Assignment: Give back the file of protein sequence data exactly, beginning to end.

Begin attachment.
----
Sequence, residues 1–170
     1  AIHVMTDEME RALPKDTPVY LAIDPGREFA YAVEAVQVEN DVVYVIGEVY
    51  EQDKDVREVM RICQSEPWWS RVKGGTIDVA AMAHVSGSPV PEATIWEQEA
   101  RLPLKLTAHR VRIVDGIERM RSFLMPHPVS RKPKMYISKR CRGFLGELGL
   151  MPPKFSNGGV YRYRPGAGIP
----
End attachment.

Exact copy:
Sequence, residues 1–170
     1  AIHVMTDEME RALPKDTPVY LAIDPGREFA YAVEAVQVEN DVVYVIGEVY
    51  EQDKDVREVM RICQSEPWWS RVKGGTIDVA AMAHVSGSPV PEATIWEQEA
   101  RLPLKLTAHR VRIVDGIERM RSFLMPHPVS RKPKMYISKR CRGFLGELGL
   151  MPPKFSNGGV YRYRPGAGIP